Discussion in 'General Trek Discussion' started by Spirit of 73, Jun 6, 2019.
That's cold, man. Like Breen cold.
Harsh but fair.
But, I think that DS9 had much better space battles.
I don't know. I kind of think DS9 was the lucky one, in that it didn't get any movies.
IMO, the better one to go with is, "We're getting Star Trek: Picard. We'll never get Star Trek: Sisko."
Why? Brooks giving up acting isn't DS9's fault.
Oy. Oy. Oy.
I was telling someone else to take how to take a bigger dig if they wanted to go there. You have to pretend this is high school, we're in the cafeteria, and there's a TNG Fan vs. a DS9 Fan, and they're one-upping each other on comebacks.
I get that, but you objected to the first one because you didn't think it made sense and then replaced it with a different one that didn't make any more sense.
There you go!
For myself, I'll sum it up as simply as this:
My head knows Deep Space Nine is superior, but but heart will always belong to The Next Generation.
Tongue in cheek, dry sense of humor, and all that..
Really? My heart and my head are in unison, and it's TNG for me.
I just finished DS9's season six. It was probably my favorite so far, edging out season five. And as TNG's season four was its most DS9-like season - not as strong at the top but more consistent - season six was DS9's most TNG-like season - real strong at the top but with some pretty bad episodes at the bottom.
When I scored the two season sixes against each other, TNG again came out on top, 16-10 in the episode count, and 39-24 in the weighted score (although DS9 actually took the first two episodes, with In the Pale Moonlight and Sacrifice of Angels edging out Timescape and Tapestry).
At this point, DS9 is never going to catch TNG for me. TNG is just an overall better series. People who defend DS9 talk about how it is darker, realistic, long-form storytelling... fine. Agreed. But those are not reasons why it is better. Those are reasons why it is different. Is The Twilight Zone inferior because it isn't long-form storytelling? Is Star Wars no good because it isn't dark? These are preferences without a note of objectivity to them.
When we look at the objective aspect of the two series - and there is indeed objectivity in art - TNG is just superior. DS9 did not have a main character who could match Patrick Stewart and what he did in creating Jean-Luc Picard. And for every Garak and Weyoun on DS9, there was a Q and Guinan on TNG. DS9's approach was to lock itself into a story about a Dominion War. It was a good story. I've enjoyed it so far. But the same reason Hollywood movies are bland nowadays is the same reason DS9 can't reach TNG's heights.
The Dominion War is like a reboot of a beloved series. It's a safe bet. The audience is already interested before they see the trailer. They're invested in the story. But it also makes it difficult to branch out and explore new avenues, to take risks. Movies cost so much that it's safer to just make MCU movies two or three times a year. But it's when you take risks that you get something like Star Wars, which was a risk at the time, or Alien. Or Vertigo. Or Psycho.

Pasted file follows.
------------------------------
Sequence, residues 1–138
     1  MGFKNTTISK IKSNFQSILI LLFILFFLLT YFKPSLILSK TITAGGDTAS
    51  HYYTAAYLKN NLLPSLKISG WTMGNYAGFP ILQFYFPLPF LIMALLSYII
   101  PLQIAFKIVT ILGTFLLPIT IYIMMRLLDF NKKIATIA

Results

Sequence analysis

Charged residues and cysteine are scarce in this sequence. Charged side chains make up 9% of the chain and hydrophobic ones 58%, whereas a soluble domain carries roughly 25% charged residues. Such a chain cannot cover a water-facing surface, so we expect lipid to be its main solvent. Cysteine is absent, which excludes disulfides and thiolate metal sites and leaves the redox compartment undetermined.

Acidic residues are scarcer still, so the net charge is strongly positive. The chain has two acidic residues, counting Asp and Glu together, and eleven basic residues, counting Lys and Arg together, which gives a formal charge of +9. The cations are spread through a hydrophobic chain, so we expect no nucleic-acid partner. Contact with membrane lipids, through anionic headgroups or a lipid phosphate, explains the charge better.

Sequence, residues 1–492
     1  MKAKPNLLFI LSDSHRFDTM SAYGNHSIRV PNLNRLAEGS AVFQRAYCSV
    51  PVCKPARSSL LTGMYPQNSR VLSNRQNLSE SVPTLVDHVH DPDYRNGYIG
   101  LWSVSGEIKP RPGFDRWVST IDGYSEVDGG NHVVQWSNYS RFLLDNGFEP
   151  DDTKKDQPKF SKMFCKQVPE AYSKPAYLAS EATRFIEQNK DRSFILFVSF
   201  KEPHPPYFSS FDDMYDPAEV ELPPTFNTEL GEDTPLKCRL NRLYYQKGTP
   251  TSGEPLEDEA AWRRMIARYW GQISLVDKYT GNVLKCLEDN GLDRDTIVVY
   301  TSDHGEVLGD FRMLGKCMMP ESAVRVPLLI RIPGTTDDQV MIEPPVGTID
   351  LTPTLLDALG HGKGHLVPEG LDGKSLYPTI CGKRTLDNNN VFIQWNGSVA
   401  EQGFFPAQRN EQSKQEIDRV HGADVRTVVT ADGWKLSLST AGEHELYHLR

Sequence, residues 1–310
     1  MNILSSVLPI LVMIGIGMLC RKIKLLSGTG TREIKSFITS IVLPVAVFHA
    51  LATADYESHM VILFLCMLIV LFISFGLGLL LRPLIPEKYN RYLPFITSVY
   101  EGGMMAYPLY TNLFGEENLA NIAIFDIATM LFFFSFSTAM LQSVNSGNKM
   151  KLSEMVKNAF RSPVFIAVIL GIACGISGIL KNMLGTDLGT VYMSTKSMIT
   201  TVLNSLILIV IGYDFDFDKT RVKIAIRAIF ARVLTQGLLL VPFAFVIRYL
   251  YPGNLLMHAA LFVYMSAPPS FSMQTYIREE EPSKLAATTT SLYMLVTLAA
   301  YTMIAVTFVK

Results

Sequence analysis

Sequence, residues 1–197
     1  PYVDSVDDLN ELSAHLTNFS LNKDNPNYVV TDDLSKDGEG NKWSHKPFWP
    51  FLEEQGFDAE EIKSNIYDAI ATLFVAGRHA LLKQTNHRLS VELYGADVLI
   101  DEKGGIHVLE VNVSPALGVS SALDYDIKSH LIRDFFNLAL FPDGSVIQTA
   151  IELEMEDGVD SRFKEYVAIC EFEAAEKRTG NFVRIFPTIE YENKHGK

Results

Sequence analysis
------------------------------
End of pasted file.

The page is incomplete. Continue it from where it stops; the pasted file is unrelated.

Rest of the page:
When you take risks, you have failures, too. That's the price you pay for occasionally achieving something new and fantastic. This is not to suggest that DS9 never tried to branch out, but TNG was forced to on a weekly basis, and it shows. Without a proven and recurring storyline to anchor itself to, TNG floated around more and was stronger at the top and weaker at the bottom because of it. But who cares about the bad episodes? You can skip them, especially in an episodic show like TNG.
DS9's best two episodes for my money, are In the Pale Moonlight and Empok Nor, both exceptionally good stories dealing with an ongoing storyline. TNG gave us the Borg, which gave us Q Who, The Best of Both Worlds and I Borg. But it never tethered itself to this storyline, so it was free to give us Yesterday's Enterprise and All Good Things. The former could have been made to fit in a Dominion War storyline, but the latter was definitely something only TNG could have done. The Offspring? Couldn't have happened on DS9, and Odo never gave us a story that touching.
TNG was not only free to take risks, it was forced to. And that's why the best it gave us outshines the best of DS9. I shall begin season seven soon, but DS9 is just too far behind at this point. It's best episode would be number seven or eight on the TNG list, and a single season of DS9 that hardly anybody thinks is better than seasons six, five or four is not going to lift the series over TNG.
Everyone is entitled to their preferences, but TNG is objectively a better series. It was more creative in its stories, was stronger at the top, had better theme music and had Patrick Stewart. DS9 was better at finishing two-parters and had a greater quantity, though not a greater quality, of good recurring characters.
An episodic show on a starship is just a more fertile field to sow the seeds of great stories than a sort of long form series on a starbase. And did I mention Patrick Stewart?
I prefer the characters is DS9 to TNG. Patrick Stewart wasn't enough to carry TNG for me.
Nah. DS9 is when the depiction of space battles in Trek started to go wrong. The screen filled with fast moving CGI ships and pew pew.
Agree to disagree then.
Next Generation is peak Trek so far for me.